Thanksgiving can often be turkey and food centered, and I’d like to offer a gentle encouragement to you in order to refocus our attention to create a people-centered and God-centered feast. I hope you will find these suggestions to be helpful:
Dine at the table. One of my favorite scenes from the movie “The Blind Side” is when Michael Oher sits down alone at the table on Thanksgiving while his adopted family is gathered around the television watching the game. They soon recognize their oversight and join him at the table and enjoy a wonderful meal and time together. It’s family time that Michael has always dreamed of. Why not take this cue as well?
Set a beautiful table. It doesn’t have to be extravagant. When you take time to set the table and make it special, you communicate to your guests of all ages, “You are special.” The most important part of the place setting is the person who is sitting in front of it.
Offer a word of welcome at the table. This simple expression communicates great value. Stand up as host or hostess (or both) at the table and thank everyone for coming and look every person in the eye. You could say something like: “On this special Thanksgiving day, we are gathered together as friends and family. We are so glad each of you is here. Thank you for coming!”. Express it in your own words.
Say Grace. Grace is a beautiful tradition. It is offered at the beginning of the meal because it is the priority of it. It is the essential act of Thanksgiving. Though we can get into a rut about saying grace, the best table prayers are heartfelt and thoughtful. Tailor it by your own expression. You can also ask a guest (ahead of time!) to offer grace. Here is one suggestion: “Lord, we want to thank you this Thanksgiving Day for the daily provisions and blessings You have lavished upon each of us and that we often fail to recognize. May we be truly humble and grateful. Thank you for the gift of family and friends gathered here today. Amen.”
Focus the Conversation-the centerpiece of the table. Conversation means personal connection. No doubt you will learn interesting things about your guests that will lead to future conversations Let's remember that if we do not intentionally direct conversation, it will take its own course which can be disappointing and disrupting. When conversation is directed, it also helps to ease possible tension at the table. When it seems like an appropriate time, try using printed questions to kindle conversation. Make them child-friendly. I like to place these written questions in a unique container to pass around, or you can place them under the dinner or dessert plate. Here are a couple of ideas to get you started:
· What is something that is easy to take for granted?
· What do you appreciate about your family, friends, work, school, etc.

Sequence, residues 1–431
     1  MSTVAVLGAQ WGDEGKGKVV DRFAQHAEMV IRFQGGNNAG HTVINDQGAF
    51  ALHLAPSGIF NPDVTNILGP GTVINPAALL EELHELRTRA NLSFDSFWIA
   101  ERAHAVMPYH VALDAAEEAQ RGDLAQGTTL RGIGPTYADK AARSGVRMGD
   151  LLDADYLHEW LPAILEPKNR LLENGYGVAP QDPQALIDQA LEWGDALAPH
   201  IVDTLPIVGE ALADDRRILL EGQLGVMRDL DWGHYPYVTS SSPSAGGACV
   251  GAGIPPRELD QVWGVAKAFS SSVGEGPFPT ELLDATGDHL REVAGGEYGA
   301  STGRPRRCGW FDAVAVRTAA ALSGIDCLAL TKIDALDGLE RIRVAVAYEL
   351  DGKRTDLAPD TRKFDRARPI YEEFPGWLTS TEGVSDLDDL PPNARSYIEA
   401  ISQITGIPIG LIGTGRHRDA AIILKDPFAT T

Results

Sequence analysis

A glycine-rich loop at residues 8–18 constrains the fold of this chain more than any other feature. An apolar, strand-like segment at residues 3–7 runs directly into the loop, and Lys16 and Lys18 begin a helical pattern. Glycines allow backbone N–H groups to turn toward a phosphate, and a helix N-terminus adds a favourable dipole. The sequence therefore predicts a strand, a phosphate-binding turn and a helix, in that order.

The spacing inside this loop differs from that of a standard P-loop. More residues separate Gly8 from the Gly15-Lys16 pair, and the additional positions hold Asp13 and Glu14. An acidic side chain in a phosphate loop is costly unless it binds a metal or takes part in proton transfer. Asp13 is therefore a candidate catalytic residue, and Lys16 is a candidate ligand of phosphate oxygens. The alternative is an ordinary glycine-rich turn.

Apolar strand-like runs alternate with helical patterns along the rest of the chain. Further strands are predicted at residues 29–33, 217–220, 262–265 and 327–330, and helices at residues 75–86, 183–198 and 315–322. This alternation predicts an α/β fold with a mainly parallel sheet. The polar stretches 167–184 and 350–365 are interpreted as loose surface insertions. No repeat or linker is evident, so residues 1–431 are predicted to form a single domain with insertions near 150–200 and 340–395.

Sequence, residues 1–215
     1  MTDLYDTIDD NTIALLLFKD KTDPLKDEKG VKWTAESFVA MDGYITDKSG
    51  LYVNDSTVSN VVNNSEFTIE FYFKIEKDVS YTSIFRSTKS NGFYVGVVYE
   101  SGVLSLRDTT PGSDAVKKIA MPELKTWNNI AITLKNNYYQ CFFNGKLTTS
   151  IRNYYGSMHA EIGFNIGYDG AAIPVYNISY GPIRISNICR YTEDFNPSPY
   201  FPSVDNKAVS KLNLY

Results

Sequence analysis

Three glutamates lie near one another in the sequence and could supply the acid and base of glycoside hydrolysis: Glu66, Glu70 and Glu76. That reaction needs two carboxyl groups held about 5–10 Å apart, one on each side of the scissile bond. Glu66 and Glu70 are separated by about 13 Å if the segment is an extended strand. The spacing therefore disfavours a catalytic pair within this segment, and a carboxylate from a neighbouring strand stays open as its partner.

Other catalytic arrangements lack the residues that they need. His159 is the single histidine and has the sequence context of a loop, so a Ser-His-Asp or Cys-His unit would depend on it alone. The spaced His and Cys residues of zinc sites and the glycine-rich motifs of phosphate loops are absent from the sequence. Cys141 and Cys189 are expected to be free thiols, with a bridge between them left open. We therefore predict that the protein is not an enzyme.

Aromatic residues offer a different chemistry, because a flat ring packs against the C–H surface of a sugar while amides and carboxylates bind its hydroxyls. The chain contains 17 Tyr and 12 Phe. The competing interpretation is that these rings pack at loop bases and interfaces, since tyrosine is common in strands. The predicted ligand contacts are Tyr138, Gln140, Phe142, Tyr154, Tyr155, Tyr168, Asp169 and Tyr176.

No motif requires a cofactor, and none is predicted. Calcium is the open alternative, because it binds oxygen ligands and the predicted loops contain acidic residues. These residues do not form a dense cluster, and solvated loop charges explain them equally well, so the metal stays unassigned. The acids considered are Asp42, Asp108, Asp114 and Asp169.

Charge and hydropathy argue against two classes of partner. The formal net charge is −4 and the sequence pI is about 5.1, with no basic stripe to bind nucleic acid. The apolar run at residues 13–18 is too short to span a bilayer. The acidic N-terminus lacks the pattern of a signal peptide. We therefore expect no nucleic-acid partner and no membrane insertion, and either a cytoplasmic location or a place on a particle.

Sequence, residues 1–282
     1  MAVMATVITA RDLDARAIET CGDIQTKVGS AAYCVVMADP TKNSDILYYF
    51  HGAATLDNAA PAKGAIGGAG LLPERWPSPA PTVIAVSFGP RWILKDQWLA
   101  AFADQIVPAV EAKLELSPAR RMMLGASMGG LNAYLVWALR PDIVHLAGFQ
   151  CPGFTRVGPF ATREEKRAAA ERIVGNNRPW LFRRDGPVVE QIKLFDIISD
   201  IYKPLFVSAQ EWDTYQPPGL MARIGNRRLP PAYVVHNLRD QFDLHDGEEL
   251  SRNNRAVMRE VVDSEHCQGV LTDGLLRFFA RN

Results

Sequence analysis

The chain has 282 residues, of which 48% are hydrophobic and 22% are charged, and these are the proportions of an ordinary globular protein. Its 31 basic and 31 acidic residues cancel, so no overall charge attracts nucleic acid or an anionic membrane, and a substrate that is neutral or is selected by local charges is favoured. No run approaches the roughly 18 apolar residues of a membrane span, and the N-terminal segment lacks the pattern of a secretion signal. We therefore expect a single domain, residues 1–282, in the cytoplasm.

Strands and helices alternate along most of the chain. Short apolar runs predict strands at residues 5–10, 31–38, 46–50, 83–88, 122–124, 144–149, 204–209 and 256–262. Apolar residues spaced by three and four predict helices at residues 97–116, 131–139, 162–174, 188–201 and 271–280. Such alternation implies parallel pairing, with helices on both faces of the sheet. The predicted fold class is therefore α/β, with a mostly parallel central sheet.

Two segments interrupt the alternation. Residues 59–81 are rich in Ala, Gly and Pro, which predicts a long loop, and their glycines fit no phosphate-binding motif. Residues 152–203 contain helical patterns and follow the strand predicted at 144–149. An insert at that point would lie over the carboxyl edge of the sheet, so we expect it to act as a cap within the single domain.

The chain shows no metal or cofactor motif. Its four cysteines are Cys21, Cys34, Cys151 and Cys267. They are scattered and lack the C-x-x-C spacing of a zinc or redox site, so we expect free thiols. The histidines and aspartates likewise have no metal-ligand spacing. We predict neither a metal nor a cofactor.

· What makes it challenging to be thankful today?
· Why do you think it was so important to celebrate that first Thanksgiving feast? What were they so thankful for?
And lastly, greet and say good bye to each person.
Yesterday I hosted a Lady of Letters Tea, celebrating the art of corresponding by hand. It is a tea theme I have wished to create for some time. I made invitations and I invited three friends over who are all uniquely gifted in writing letters and notes. As in most all of the teas that I give, I like to incorporate an activity as well as conversation questions to complement the theme. One of our activities was to practice writing with a dip-style pen. I recently made the purchase of several of these pens which were the writing implement of choice for the entire 19th century. Elegance effortlessly flows from these pens which simply eludes the ballpoint! I purchased beautiful bottled ink through the Levenger Company and was delighted to discover that it was made in America and the ink is of superior quality. I provided quotations for my friends to practice writing in handsome notebooks that they took home. One such quote read: "It is by the benefit of letters that absent friends are, in a manner, brought together." Seneca
As we enjoyed cups of tea complemented by cucumber, roast beef, chicken salad sandwiches, scones and cookies, we talked about the importance of both handwriting and letter writing. In the invitation, I asked my friends to bring along with them a letter or two that they received that was special to them. We read aloud excerpts from these letters. It was as if additional guests joined us at the table as we read these keepsake missives to one another. I also prepared questions to guide our discussion. Two questions were: "What is an early note writing or receiving memory? and "Do you have any letter writing rituals and how do you "set your table" to write letters?" Conversation flowed easily as we exchanged ideas, habits and personal convictions about the importance of corresponding by hand. Let us not forsake this art and opportunity to influence others through our beautifully written and inspired expressions.
Enriching home and family life, especially at the Table